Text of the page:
Chronic pain after total hip replacement


The total hip replacement operation is performed to deal with the severe pain associated with osteoarthrosis of the hip joint. It is one of the most successful surgical procedures we perform today. On very rare occasions, despite uneventful surgery and post-operative recovery, troublesome pain persists in the replaced hip. This is always of great concern to both you and your surgeon.

Current treatment

When you inform your surgeon that your hip remains painful, your surgeon will initiate some investigations which will determine if your pain is due to an infection, loosening of the prosthesis, malposition of the implants or perhaps a leg length inequality. Usually all of these tests will be completely normal, confirming that infection, loosening and malposition are not the cause of your persistent pain. Your surgeon may say to you that your hip looks good and they will be absolutely correct. There is nothing wrong with your hip prosthesis.

The problem

Total hip replacements are done these days through a number of different surgical approaches. The current approaches used today are the direct lateral approach (DLA), the posterior approach (PA), the direct anterior approach (DAA) or an approach which is called SuperPath (SP) a variation of the posterior approach. The arthroplasty society of the Australian Orthopaedic Association does not advocate any particular approach, each one being equally good for different reasons. By three months post-operative, most hips will be functioning very well whatever approach has been used. Each approach is managed slightly differently in the post-operative period. The most common protocol for rehabilitation has you up and full weight-bearing in the immediate post-operative days to accelerate your rehabilitation and reduce the risk of blood clots forming in your legs.

The cause

When the hip is exposed to implant the new hip prosthesis, the soft tissues around your hip, of necessity, are disturbed. This means the tendons and hip capsule have to be divided. Considerable time and care is spent in reconstructing these tissues and tendons as your wound is being closed. These tendons are attached to some enormously powerful muscles, a number of which can generate a pull which is actually stronger than the repair. When you first stand up on your new hip and take full weight on you operated leg, the hip muscles contract strongly and in some fit patients, so strongly that the repair may actually be pulled apart. This does not happen all the time but it is well known to happen and has been shown on follow-up MRI scans. If this does happen, there may be pressure on the surrounding normal tissue from the retracted muscles pulling in a wrong manner or perhaps after a PA, applying traction on the sciatic nerve which is close by. If this happens, it will result in buttock pain making it uncomfortable even to sit on that side.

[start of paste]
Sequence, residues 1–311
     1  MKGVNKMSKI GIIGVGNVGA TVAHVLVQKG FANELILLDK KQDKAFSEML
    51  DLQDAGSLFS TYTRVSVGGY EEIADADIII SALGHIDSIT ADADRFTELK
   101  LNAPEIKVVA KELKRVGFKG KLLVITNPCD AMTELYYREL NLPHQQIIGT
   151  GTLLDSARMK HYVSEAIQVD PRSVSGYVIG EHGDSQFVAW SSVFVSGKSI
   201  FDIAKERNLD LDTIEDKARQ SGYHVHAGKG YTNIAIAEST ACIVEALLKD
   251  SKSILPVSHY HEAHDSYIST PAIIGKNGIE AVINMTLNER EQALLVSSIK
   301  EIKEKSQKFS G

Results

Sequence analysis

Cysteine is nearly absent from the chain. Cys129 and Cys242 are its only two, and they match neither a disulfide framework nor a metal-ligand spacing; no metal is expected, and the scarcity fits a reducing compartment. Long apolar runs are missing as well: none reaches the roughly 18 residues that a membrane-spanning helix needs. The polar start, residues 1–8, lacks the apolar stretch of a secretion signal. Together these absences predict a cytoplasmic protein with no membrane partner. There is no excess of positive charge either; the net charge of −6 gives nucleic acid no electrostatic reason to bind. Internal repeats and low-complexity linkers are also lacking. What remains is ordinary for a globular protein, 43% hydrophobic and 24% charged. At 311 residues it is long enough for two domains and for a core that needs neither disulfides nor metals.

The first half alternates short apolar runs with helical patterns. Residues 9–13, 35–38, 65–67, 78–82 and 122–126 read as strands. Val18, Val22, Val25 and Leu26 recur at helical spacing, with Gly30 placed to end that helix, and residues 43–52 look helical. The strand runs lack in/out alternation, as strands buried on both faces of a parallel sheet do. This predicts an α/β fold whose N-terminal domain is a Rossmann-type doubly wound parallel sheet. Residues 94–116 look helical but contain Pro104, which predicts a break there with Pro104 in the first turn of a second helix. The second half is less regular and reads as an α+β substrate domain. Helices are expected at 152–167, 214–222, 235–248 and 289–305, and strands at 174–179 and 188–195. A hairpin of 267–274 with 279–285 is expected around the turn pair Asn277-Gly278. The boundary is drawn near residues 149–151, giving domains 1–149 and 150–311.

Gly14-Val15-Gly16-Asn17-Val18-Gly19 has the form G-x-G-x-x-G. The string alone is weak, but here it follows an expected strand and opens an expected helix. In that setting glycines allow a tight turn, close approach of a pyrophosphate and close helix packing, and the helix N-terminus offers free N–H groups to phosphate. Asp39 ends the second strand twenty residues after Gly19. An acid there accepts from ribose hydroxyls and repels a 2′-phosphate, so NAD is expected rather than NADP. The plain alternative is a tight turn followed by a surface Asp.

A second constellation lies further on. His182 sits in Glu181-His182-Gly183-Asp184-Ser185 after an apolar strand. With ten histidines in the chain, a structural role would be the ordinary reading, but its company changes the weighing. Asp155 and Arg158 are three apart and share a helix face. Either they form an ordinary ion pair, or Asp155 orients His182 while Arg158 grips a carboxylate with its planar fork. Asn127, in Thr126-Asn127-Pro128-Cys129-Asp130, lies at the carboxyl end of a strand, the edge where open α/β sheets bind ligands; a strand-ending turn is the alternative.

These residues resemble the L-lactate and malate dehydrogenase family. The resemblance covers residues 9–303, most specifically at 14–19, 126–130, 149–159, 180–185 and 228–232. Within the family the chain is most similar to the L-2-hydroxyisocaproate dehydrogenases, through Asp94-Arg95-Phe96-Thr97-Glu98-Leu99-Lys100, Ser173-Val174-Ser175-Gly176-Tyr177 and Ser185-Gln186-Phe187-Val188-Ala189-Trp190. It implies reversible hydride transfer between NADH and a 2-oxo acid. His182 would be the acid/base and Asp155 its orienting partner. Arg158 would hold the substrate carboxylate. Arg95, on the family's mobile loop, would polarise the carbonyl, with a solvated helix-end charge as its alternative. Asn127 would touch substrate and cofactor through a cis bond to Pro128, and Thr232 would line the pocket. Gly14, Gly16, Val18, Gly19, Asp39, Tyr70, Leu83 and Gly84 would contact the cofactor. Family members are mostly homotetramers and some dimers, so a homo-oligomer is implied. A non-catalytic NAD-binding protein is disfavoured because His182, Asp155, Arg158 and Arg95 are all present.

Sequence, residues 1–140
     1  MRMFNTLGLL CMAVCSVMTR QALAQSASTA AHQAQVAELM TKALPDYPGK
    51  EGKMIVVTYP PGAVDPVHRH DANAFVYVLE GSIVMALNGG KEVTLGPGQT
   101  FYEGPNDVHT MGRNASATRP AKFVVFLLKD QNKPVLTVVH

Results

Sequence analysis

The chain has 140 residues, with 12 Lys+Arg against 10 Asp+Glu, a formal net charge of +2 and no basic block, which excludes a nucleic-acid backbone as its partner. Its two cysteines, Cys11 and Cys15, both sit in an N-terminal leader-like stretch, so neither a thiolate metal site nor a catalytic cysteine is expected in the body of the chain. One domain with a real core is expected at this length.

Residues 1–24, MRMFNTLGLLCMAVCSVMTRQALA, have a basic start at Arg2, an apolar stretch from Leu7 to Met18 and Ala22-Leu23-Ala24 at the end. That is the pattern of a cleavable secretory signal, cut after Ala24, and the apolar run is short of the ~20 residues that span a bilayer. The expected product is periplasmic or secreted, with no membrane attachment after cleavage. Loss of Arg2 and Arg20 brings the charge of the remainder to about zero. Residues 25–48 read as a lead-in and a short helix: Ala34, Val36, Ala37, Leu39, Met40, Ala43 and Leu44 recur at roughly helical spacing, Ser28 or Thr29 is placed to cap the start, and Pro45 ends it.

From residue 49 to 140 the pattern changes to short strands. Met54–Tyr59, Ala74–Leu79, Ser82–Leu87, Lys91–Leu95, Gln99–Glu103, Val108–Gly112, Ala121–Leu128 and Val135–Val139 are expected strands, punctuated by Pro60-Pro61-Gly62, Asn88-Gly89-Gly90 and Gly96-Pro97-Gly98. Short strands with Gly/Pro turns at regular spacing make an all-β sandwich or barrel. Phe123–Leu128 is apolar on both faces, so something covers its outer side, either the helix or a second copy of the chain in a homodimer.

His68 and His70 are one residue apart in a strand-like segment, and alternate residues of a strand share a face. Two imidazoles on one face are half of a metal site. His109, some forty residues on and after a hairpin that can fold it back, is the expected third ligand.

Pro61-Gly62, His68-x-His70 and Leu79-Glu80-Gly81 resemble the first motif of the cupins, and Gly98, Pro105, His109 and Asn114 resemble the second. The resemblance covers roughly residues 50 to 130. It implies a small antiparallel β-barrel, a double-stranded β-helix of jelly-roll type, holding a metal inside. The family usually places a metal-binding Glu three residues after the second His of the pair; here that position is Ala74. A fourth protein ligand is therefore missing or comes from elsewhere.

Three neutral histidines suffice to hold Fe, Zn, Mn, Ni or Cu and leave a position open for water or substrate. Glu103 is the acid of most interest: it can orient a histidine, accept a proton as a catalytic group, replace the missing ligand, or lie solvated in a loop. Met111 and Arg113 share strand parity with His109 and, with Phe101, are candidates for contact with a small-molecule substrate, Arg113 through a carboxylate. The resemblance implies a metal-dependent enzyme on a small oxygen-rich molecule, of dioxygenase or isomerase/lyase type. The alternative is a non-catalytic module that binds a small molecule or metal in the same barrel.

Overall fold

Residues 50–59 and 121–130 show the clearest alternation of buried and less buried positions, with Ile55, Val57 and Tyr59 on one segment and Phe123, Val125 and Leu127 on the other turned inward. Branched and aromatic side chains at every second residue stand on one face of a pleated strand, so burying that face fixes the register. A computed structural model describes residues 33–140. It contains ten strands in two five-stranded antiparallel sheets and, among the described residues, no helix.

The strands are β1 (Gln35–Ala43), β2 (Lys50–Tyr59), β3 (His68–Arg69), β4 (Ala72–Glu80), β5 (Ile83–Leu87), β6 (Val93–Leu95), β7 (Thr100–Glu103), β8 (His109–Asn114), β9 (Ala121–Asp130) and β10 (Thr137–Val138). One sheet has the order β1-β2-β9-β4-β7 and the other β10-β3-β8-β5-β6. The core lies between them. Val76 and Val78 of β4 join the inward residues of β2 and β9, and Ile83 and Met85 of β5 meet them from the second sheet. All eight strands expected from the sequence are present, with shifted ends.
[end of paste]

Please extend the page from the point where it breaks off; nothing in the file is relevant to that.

Another cause is unrecognised degeneration causing wear and tear of the major hip tendons attached to the side of your hip (the gluteal muscles). On occasion these tendons become worn for all the same reasons that the hip wears out. Particular attention is paid not to disturb these tendons in the PA, SP and the DAA. However, if this problem is present and is not addressed at the time of your hip replacement, the component of your pain from the disordered tendons at their trochanteric attachment will persist despite the hip replacement.


This problem is normally diagnosed by most of the tests being normal but some changes can be noted on an MRI scan which can be done on some machines even in the presence of a hip replacement.


When the gluteal tendons have separated from their bony attachment they need to be reconstructed to relieve the pain. If the tendons at the back of your hip have pulled apart, the pain associated with that can be improved by releasing the sciatic nerve where it becomes trapped in scar. Both of these can be done at the same time and there is no need at all to disturb the hip prosthesis in any way.


This is very likely to settle the pain in your replaced hip. Once the secondary problem of your soft tissue repair has been rectified, you will be able to return to all normal activity and enjoy the huge benefits of your replaced hip.

Related Information

Gluteal tendon reconstruction
Sciatic neurolysis